Truly be the “PCP in the hospital”

When patients are most in need of a familiar face, they often must trust the stranger who was assigned to walk in their door. But it doesn't have to be that way.


It's been 20 years since Robert M. Wachter, MD, FACP, and Lee Goldman, MD, FACP, coined the term hospitalist (11. Wachter RM, Goldman L. The emerging role of “hospitalists” in the American health care system. N Engl J Med. 1996;335:514-7. [PMID: 8672160]), yet often patients are still unfamiliar with the title. This can be a good thing (maybe they haven't been hospitalized in 20 years), but it does mean that we need to explain to them (and their families) who we are and what we do. I often find myself saying, “I'm here to act as your PCP while you're in the hospital. I'm in charge of your care, and I help coordinate the other members of the team. In addition, I keep your PCP informed of everything that happens while you're here.”

Unfortunately, this is somewhat disingenuous. While I may be “acting” like their PCP, there is one way that I'm really nothing like their PCP: I don't know them. This is probably the first time we are meeting, at a time when they are at their sickest and most vulnerable. So when patients are most in need of a familiar face, they often must trust the stranger who was assigned to walk in their door.

Photo courtesy of Dr Secan
Photo courtesy of Dr. Secan

But it doesn't have to be this way. We could be more like their PCP by establishing and maintaining a long-term relationship. In general, I believe we hospitalists do a reasonable job of maintaining continuity from day to day. I take care of Mrs. Jones today, and, presuming I'm still working tomorrow, I continue to care for her. Even if I'm off for the weekend, when I return on Monday, if she's still in the hospital, I'll likely resume her care. But this is not how PCPs see patients. PCPs see their patients again and again across time—and I propose that we should try to do the same.

The numbers indicate (and my experience confirms) that our patients come back to the hospital over and over again. According to the Healthcare Cost and Utilization Project (22. Weiss AJ, Elixhauser A. Overview of Hospital Stays in the United States, 2012. Healthcare Cost and Utilization Project. Statistical Brief #180. October 2014. Available online. ), in 2012, patients ages 65 to 84 had 261 hospital stays per 1,000 patient population. This rises to 502 hospitalizations per 1,000 in patients over age 84. This works out to 1 hospitalization every 2 years on average. Especially considering many of these hospitalizations are going to be concentrated in a small number of chronically ill patients, there's simply no reason why we shouldn't strive to provide them with greater continuity of inpatient care.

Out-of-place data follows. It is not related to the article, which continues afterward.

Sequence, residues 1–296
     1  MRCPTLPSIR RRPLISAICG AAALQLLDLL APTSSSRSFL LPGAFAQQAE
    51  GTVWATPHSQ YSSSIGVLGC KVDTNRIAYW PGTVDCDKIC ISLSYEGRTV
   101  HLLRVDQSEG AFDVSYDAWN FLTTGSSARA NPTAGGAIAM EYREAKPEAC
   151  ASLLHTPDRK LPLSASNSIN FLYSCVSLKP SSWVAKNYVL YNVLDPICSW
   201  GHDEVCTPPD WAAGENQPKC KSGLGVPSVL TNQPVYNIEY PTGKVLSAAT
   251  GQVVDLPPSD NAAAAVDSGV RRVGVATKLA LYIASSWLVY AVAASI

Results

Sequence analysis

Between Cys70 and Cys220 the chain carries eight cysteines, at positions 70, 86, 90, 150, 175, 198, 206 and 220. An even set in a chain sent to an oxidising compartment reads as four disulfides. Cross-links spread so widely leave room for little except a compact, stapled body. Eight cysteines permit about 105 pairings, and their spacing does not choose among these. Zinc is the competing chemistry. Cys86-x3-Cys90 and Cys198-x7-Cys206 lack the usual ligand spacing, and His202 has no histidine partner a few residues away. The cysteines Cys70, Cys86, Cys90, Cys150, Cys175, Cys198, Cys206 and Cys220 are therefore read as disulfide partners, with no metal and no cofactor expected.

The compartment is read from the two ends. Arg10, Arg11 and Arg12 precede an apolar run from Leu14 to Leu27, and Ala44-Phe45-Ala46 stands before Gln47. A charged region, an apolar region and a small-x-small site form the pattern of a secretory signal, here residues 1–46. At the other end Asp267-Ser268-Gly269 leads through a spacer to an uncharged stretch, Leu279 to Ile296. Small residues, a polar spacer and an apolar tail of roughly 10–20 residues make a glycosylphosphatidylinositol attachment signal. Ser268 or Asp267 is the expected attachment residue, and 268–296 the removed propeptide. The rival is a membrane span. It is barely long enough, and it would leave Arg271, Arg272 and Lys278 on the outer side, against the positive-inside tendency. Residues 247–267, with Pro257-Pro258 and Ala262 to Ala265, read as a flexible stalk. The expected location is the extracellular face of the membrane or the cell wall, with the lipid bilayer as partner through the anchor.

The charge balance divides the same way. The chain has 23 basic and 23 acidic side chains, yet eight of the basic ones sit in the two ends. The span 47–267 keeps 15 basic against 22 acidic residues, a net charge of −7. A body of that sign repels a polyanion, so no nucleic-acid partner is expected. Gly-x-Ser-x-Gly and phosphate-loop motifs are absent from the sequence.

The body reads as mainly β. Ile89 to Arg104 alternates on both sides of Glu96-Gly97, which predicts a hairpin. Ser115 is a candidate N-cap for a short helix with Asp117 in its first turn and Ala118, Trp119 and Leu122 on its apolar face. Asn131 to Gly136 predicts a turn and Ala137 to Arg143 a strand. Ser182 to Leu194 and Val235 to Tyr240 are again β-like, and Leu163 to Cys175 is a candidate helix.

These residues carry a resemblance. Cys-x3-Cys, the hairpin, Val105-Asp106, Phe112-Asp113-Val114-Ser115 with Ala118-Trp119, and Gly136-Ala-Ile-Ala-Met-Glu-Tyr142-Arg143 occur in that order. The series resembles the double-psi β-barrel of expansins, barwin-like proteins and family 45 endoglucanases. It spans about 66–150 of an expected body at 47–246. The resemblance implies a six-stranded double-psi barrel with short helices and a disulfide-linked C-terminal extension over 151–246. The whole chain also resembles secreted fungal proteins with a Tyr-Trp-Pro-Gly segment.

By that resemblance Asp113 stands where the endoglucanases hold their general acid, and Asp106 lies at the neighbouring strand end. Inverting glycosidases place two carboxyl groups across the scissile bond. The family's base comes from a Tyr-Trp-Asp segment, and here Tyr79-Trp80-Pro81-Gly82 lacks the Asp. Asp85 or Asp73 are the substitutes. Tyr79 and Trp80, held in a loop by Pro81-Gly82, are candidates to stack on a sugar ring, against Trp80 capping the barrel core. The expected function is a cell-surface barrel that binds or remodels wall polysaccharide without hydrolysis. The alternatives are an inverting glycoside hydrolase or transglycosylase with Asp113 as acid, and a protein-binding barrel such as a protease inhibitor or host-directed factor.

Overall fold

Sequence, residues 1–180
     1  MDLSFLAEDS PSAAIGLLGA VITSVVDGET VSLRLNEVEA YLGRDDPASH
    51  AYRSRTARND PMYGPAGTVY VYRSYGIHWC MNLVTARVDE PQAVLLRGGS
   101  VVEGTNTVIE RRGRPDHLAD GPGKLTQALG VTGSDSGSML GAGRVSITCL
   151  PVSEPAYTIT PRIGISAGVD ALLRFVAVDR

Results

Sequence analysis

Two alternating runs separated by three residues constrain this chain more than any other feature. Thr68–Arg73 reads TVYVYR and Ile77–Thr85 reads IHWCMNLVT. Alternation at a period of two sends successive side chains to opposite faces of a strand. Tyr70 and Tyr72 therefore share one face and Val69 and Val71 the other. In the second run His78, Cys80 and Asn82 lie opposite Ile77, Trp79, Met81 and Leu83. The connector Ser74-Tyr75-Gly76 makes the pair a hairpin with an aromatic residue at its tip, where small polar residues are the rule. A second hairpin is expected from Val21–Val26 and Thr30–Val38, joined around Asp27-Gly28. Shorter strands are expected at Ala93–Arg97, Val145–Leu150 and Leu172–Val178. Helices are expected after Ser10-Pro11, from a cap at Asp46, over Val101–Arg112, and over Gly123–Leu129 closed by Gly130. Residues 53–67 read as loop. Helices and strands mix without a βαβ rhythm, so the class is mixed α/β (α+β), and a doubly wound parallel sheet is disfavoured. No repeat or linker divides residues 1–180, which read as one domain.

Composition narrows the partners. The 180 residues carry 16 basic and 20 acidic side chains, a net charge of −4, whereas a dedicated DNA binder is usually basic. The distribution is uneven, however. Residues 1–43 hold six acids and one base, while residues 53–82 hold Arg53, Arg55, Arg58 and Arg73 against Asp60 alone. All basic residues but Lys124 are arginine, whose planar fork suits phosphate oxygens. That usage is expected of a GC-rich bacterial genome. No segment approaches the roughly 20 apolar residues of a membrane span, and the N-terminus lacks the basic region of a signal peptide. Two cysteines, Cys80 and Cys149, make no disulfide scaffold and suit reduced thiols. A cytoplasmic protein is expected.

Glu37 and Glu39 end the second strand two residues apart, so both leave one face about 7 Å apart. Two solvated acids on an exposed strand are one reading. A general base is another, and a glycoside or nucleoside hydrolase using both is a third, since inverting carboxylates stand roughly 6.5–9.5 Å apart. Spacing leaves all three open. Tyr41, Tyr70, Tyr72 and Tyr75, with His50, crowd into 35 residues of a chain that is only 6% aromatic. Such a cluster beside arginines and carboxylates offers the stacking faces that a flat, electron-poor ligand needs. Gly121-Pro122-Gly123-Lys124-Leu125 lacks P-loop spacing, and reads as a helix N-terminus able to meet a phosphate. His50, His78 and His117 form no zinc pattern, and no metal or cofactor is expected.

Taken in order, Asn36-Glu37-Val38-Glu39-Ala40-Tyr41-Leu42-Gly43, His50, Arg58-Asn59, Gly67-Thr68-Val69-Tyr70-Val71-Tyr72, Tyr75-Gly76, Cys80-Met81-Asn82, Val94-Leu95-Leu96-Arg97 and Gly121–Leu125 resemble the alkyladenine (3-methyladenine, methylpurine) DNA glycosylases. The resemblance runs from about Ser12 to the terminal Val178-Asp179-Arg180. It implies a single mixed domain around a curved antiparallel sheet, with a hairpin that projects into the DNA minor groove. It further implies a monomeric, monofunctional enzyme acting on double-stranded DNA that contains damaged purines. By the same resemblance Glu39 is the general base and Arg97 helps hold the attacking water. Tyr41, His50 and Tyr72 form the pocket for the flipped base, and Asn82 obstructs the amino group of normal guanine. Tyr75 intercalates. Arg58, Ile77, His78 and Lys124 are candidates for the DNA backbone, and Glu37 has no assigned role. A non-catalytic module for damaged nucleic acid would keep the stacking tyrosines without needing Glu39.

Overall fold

When these patients return to the hospital, it's becoming increasingly common that they'll encounter the same hospitalists. According to the most recent survey from the Society of Hospital Medicine (33. 2014 State of Hospital Medicine Report. Society of Hospital Medicine.), the median turnover rate at adult hospitalist programs is down to only 8%, and in 38% of groups, there was no turnover at all. This means that just as our patients visit the same hospital for many years, many hospitalists remain in their positions for many years, too.

In addition to showing that it's possible to maintain greater continuity, the evidence indicates potential benefits. While there aren't any current data about this specific situation, there is significant literature to support gains in patient satisfaction associated with continuity of care. For example, in 1992, a study (44. Hjortdahl P, Laerum E. Continuity of care in general practice: effect on patient satisfaction. BMJ. 1992;304:1287-90. [PMID: 1606434]) found that when evaluating satisfaction with a consultation provided by their primary care physician, “an overall personal patient-doctor relationship increased the odds of the patient being satisfied with the consultation sevenfold (95% confidence interval 4.9 to 9.9) as compared with consultations where no such relationships existed.” In 2004, a review of the literature (55. Saultz JW, Albedaiwi W. Interpersonal continuity of care and patient satisfaction: a critical review. Ann Fam Med. 2004;2:445-51. [PMID: 15506579]) noted that “a consistent and significant positive relationship exists between interpersonal continuity of care and patient satisfaction.” While the inpatient and outpatient worlds are different, patients are still patients, and we shouldn't be surprised that patients prefer to see a physician they know rather than a stranger.

When patients are first admitted to a hospital, they should become attached to the hospitalist who sees them. On further admissions over time (months or years), as often as possible, they should continue to be managed by that same hospitalist. The benefits of this are enormous. For patients, they now have a clinician they know and trust. Even though they're ill, they can feel confident that they are in the hands of someone who knows them. They don't feel like they have to recount their lifetime history. Their families also know and trust the clinician. This makes the ongoing process of communication smoother, especially at difficult times like discharge or end-of-life planning.

In the outpatient setting, it's typical to choose a PCP to maintain a relationship over time. We are unhappy and frustrated when we have to find a new primary physician, such as when our insurance changes. Patients feel the same way in the hospital, and it's time that we give them what they really need—continuity.